3. International and Military History: Grasp the principal causes of war in the modern era, and understand the political, technological, economic, and other influences that have governed its conduct; understand the social, political, economic, and cultural forces that have contributed to periods of stable peace; and analyze relations between states, including negotiations of peace settlements, military alliances, arms limitation agreements, economic arrangements, and human rights accords.
    4. International Organizations: Understand the history of international organizations and their role in world politics, including international mediation and negotiations, formal and informal security arrangements, treaty regimes, and the role of international institutions and non-governmental organizations in peacekeeping and humanitarian operations.
    5. U.S. Security Policy and Strategy: Understand how U.S. national security policy and strategy are formulated. Understand the roles of nuclear forces in the security policies of the United States and other nuclear powers; U.S. nuclear force acquisition, planning, deterrence policy, and employment concepts from the Second World War to the present; and the role of nuclear weapons in alliance politics and international relations.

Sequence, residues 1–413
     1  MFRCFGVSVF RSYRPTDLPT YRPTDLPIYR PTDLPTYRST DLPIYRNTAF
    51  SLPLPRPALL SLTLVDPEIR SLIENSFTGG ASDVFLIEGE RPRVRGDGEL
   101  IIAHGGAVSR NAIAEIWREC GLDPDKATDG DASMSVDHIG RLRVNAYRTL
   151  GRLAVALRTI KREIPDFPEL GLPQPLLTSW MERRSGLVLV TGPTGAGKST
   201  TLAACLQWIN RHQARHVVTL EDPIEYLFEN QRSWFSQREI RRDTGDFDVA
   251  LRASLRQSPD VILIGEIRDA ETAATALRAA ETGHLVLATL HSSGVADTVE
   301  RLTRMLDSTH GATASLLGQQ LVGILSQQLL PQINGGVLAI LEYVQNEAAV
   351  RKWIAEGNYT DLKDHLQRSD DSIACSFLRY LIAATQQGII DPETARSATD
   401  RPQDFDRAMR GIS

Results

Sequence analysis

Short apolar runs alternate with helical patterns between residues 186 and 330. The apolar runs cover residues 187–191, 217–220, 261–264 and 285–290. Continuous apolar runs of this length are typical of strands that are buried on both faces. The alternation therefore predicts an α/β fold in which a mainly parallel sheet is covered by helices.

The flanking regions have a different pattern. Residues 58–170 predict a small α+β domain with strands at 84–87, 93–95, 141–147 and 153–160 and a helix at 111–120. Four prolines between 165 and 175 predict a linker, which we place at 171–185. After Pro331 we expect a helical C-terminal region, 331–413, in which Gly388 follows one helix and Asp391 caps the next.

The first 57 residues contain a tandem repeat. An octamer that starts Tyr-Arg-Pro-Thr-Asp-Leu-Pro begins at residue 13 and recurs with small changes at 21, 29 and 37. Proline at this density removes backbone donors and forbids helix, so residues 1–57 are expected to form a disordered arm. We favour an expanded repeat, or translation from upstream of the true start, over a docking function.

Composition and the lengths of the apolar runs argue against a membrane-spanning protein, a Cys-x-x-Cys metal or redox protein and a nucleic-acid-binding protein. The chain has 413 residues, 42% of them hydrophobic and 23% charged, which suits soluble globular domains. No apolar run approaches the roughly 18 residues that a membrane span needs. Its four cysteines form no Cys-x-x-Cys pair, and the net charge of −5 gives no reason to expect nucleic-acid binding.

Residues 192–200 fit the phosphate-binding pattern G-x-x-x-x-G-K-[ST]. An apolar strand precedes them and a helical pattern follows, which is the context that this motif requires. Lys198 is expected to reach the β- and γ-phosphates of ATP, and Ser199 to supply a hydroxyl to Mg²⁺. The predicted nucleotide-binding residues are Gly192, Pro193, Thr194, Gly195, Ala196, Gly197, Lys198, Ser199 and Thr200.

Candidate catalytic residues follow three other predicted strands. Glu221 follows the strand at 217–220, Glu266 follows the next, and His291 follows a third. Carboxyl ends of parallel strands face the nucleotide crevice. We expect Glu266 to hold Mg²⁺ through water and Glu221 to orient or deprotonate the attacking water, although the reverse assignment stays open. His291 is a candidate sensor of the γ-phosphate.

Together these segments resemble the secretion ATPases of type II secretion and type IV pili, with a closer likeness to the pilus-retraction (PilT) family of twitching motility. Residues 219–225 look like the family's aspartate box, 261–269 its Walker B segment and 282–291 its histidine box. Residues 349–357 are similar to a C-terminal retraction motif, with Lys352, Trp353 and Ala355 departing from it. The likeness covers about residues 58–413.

3. Regional Security Studies
    1. Identities, Interests, and Politics: Grasp the most significant political, economic, historical, cultural, and religious drivers that shape national identities and interests within their region of concentration.
    2. Emerging Security Challenges: Know the regional sources of political and social instability and become familiar with the roots of ethnic conflict, insurgencies, and terrorism, and their effect on regional and U.S. security.
    3. Regional Conflicts: Understand the patterns of violent conflicts, the likely sources and character of regional wars in the present and future, and the historical and prospective impact of such wars on the international system.
    4. Military Forces and Strategic Posture: Understand the main factors determining the strategic postures of countries in the region, including strategic culture and goals, threat perceptions, and military force structures.
    5. U.S. Regional Security Policy: Understand U.S. foreign policy objectives in a given region and be able to explain U.S. political, economic, and military strategy in the region, including U.S. engagement policy and security assistance programs.
    6. Economic Factors: Grasp the importance of underlying economic conditions on regional stability and conflict, as well as the tools of economic statecraft that the United States and international organizations may employ to try to influence these conditions.